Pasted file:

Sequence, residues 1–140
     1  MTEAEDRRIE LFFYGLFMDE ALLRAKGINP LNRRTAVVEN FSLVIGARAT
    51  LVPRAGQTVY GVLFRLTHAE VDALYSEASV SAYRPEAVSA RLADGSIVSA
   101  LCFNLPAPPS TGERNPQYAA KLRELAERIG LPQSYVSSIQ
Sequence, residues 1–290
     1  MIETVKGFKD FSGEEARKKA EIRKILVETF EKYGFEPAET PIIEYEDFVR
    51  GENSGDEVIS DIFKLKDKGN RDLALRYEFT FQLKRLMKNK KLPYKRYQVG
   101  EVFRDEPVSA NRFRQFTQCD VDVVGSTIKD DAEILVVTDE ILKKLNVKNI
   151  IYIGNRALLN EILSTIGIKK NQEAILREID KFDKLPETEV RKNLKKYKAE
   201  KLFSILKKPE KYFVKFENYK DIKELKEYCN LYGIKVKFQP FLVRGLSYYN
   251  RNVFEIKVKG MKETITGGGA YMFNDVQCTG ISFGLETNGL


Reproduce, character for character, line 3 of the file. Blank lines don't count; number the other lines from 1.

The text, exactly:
    51  LVPRAGQTVY GVLFRLTHAE VDALYSEASV SAYRPEAVSA RLADGSIVSA